Mocean expands LA car-sharing to the San Fernando Valley

Car-share options continue to expand in Los Angeles County with the launch of Mocean Carshare in the San Fernando Valley.

The service was expanded in coordination with the Los Angeles Department of Transportation (LADOT), which is working to create a rich mix of shared mobility in the form of public transportation, private transportation providers such as rentable bikes and scooters, and rentals. Is. up-to-the-minute car-shares.

Mocean will locate its San Fernando Valley operation at the Warner Center, the city’s first transportation technology innovation zone. The car-share is operated by MoceanLab, an initiative of the Hyundai Motor Group and will operate as part of Los Angeles’ fixed space and free floating carshare pilot programs.

“The program is designed to explore potential new mobility options for LA residents,” said Colin Sweeney, a spokesman for the Los Angeles Department of Transportation, adding that the city will be able to manage the program and allow operators to comply with the department’s rules and regulations. helps to complete.

“Ladot supports programs like this to provide residents with a wide range of mobility options while establishing rules to protect their quality of life,” Sweeney said in an email.

Mocean is operating about 100 cars in four areas — downtown, the Eagle Rock neighborhood, Brentwood and West LA — and now the San Fernando Valley. The cars in service are the hybrid electric Hyundai Ioniqs and Kia Niros.

Due to the relatively high housing and job density in the area and the ability to connect to public transportation, the San Fernando Valley was chosen as an area for expansion.

“The mix of families, young professionals, and college students in the area makes it a prime location to offer alternatives to traditional car ownership for those looking for an additional home vehicle or for those who just want to live in LA without owning their own car. living in,” said MoceanLab’s Chief Operating Officer Dave Gallen.

Cars are accessed through mobile phone apps, as are bikes and scooters. Drivers locate them in the “home zone” and return the car to the home zone it was initially rented from, or from another zone within the system. The cost of using the cars is $.42 per minute, $14 per hour, or $86 per day.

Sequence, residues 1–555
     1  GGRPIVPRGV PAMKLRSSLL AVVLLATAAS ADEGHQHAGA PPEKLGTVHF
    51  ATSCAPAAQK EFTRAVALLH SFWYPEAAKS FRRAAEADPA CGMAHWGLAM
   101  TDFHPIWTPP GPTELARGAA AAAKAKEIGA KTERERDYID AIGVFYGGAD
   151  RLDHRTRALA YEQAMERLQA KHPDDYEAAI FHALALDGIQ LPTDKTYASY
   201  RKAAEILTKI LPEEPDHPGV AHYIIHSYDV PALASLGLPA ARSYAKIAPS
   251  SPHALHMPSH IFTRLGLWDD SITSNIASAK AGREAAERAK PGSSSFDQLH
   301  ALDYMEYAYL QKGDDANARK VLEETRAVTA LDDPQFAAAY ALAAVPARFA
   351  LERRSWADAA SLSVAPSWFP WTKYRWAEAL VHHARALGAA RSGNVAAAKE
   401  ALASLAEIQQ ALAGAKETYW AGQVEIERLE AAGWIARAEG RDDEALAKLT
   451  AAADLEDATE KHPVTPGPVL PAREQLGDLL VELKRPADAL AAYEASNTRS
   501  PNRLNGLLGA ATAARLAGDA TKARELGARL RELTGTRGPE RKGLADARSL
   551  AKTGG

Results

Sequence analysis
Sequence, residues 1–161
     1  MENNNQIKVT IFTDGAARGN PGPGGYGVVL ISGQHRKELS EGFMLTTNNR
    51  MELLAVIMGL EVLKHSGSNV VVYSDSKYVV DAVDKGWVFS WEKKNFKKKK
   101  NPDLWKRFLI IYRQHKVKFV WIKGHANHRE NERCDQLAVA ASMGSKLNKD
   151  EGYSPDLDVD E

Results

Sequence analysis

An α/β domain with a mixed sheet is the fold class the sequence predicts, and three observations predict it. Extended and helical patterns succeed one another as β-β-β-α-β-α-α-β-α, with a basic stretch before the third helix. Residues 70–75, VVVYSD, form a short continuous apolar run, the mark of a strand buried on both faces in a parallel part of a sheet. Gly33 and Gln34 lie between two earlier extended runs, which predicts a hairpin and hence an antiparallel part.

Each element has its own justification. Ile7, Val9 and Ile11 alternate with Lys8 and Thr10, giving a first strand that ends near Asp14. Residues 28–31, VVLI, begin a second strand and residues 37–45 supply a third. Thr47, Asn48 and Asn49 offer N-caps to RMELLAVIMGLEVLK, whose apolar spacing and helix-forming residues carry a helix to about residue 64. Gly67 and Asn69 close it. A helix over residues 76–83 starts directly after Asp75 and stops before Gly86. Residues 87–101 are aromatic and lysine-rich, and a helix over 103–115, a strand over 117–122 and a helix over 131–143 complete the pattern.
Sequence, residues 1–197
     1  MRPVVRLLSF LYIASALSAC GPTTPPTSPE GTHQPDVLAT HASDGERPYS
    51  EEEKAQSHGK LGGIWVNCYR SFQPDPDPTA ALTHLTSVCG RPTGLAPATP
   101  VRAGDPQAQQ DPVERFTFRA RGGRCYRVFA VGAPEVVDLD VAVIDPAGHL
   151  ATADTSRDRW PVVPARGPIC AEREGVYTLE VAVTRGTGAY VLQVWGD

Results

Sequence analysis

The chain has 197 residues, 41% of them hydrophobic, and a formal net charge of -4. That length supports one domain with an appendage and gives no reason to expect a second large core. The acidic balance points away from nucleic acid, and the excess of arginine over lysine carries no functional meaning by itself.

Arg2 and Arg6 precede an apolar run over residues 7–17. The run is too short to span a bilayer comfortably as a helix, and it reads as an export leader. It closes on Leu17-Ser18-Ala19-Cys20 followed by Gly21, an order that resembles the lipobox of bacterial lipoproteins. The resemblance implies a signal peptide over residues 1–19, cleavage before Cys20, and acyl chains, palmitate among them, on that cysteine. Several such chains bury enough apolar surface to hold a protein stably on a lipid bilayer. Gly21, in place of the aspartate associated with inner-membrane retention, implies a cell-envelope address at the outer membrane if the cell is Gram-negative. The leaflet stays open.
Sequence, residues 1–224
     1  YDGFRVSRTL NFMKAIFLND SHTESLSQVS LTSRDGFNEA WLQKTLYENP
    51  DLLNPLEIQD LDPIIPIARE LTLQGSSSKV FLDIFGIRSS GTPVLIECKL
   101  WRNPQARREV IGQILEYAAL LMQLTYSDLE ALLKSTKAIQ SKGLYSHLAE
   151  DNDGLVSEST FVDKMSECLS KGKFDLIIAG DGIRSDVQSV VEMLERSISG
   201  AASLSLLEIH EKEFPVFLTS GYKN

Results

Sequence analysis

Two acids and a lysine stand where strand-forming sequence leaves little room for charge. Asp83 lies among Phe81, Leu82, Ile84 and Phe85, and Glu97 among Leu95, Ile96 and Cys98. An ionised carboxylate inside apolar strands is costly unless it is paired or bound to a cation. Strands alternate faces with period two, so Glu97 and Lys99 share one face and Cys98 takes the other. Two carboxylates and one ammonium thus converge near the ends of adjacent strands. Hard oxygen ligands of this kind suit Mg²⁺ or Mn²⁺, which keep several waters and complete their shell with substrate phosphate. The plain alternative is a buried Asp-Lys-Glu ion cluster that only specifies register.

The program is not unlike a similar operation launched in Sacramento two years ago. That program, known as GIG, began with 250 fully electric vehicles. Similarly, cars cost $0.49 per minute or $16.99 per hour. AAA Company GIG also operates in the Bay Area and Seattle.

Car-share operations, such as micromobility providers in the form of bikes and scooters, are part of the modern development of urban mobility. As such, transportation officials recognize that if cities are going to effectively reduce single-occupancy car trips and expand mobility options to a wider cross section of the community, they need to be part of the entire ecosystem of transportation. Is.

Transit agencies shouldn’t just be thinking about “the service delivery business,” LADOT general manager Selette Reynolds said at the CoMotion MIAMI conference earlier this summer.

Reynolds argued that he himself should be in the “holistic mobility delivery business”.

“And that means you’re not just thinking about traditional public transportation. You’re starting to get invited into things like EV car-sharing; things like dockless bikes and scooters; things like municipal bike-sharing; things like microtransit. things. And you’re ‘experimenting with those things, and you’re learning as you go,’ she said.

Mocean Carshare is participating in LADOT’s free-floating car-share pilot project, Galen reported.

“Through this partnership we are able to provide features such as free parking in any city of LA parking meters,” he added.

In addition, Mocean provides the vehicle for the city’s new Mobile Crisis Intervention Program, which enlists outreach workers and behavioral health practitioners to answer non-emergency calls involving homelessness and other issues.

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Skip Descent writes about smart cities, the Internet of Things, transportation, and other areas. He spent more than 12 years reporting for dailies in Mississippi, Arkansas, Louisiana and California. He lives in the city of Sacramento.

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